It’s no big secret that I’ve long been an admirer of the Farm Security Administration photographers who documented the plight of migrant pickers and displaced workers during the dust bowl years. As a boy, I imprinted upon the black and white images of Dorothy Lange—some of which I found in library books, others in our own family album. Say what you will against poverty, it’s quite photogenic!
Instinctively I’ve always kept an eye out for faces that hark back to that era, and now and again I find one. For instance, back in the summer of 1971 I was rolling north astride my motorbike on US 89, near the village of Sigurd, Utah, when off to my left I spotted a young man standing in a hayfield, just inside the fence. He was sweaty from pumping hay bales; bits of straw clung to his hair and neck, but what really struck me was his face. He looked as if he had just stepped out of the Nineteen Thirties!
I hit the brakes, whipped out my Bronica, and asked the young man if I could take his picture. From waist level, framed against the sky, he loomed statuesque and oh-so-Dorthea Langelike. To his left was a younger person, face turned away from the lens—just like the children flanking Lange’s “Migrant Mother.”
Two minutes later I was on my way, having made just one exposure. I hadn’t bothered to introduce myself, nor had I asked his name. Yet I’ve always felt a kinship. Rarely do I get the sensation that the space separating me from my subject has evaporated, but when it does happen, I get very excited. I just know that the picture is going to turn out exactly right, and it in this case it did. “Fieldhand, Sigurd” has become one of my all-time favorite images and part of my traveling exhibit, my only regret being that I never had a chance to share it with the actual so-called “fieldhand.”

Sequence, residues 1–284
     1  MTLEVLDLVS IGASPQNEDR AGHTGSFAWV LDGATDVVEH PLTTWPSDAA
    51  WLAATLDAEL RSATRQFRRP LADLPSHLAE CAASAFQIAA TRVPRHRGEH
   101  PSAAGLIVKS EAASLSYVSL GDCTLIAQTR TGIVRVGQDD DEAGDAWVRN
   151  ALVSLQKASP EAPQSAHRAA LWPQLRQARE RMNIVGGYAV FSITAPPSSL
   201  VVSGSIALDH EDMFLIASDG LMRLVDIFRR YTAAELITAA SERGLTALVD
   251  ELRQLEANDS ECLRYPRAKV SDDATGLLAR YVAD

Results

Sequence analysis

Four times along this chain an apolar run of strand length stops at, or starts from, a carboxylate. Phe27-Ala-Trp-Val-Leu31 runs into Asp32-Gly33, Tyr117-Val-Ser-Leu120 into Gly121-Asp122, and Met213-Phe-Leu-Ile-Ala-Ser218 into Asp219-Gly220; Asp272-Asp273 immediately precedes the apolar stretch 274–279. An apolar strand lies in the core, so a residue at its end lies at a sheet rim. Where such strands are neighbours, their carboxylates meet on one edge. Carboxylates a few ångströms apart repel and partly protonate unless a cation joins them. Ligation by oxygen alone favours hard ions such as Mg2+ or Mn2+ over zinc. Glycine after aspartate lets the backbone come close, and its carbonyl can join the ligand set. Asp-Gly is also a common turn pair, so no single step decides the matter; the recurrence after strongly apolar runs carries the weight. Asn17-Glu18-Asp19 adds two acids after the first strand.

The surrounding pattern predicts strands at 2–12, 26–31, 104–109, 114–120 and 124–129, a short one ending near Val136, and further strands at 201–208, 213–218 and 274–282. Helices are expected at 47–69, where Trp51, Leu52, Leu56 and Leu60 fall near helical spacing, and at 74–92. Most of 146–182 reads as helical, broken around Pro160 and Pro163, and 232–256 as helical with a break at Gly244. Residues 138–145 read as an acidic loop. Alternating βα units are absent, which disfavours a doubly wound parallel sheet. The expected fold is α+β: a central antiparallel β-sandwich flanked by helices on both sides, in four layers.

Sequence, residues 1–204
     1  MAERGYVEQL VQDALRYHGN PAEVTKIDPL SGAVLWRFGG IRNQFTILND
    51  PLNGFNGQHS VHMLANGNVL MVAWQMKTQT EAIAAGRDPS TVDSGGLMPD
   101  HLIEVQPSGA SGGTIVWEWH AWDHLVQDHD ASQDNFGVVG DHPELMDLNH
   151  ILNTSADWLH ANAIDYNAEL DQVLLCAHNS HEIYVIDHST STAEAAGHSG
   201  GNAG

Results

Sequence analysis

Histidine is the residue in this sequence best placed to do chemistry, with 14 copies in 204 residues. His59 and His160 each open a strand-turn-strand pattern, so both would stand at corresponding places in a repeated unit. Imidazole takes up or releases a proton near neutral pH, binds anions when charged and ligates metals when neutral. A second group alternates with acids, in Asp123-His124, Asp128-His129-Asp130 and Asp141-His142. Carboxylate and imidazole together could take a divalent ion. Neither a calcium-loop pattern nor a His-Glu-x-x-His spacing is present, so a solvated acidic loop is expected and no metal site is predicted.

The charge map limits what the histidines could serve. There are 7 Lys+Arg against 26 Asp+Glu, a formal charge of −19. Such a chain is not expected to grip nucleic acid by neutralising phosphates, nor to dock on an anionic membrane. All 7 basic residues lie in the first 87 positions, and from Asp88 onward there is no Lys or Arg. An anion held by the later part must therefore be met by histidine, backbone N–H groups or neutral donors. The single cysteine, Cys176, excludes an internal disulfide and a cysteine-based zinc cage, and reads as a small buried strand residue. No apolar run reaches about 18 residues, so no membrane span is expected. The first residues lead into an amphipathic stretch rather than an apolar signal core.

Fast forward 37 years. I get a phone call from a woman identifying herself as Shirleen Bosen, of Temecula, California. “I’m trying to track down a Richard Menzies who took some pictures,” she announces. “Are you his son? His grandson?”
“You’re speaking to him,” I replied, somewhat testily. “I’m the one you’re looking for. Still kicking—thanks to modern medicine..”
Somewhat hesitantly, Shirleen explained the reason for her call. Turns out that a cousin of hers, Chuck Jonkey, had had a strange dream. “Something about Sigurd and the Internet.” The dream inspired Chuck to embark on a Google search, and to his astonishment, up came a picture of Shirleen’s older brother, Darr Kreutzer.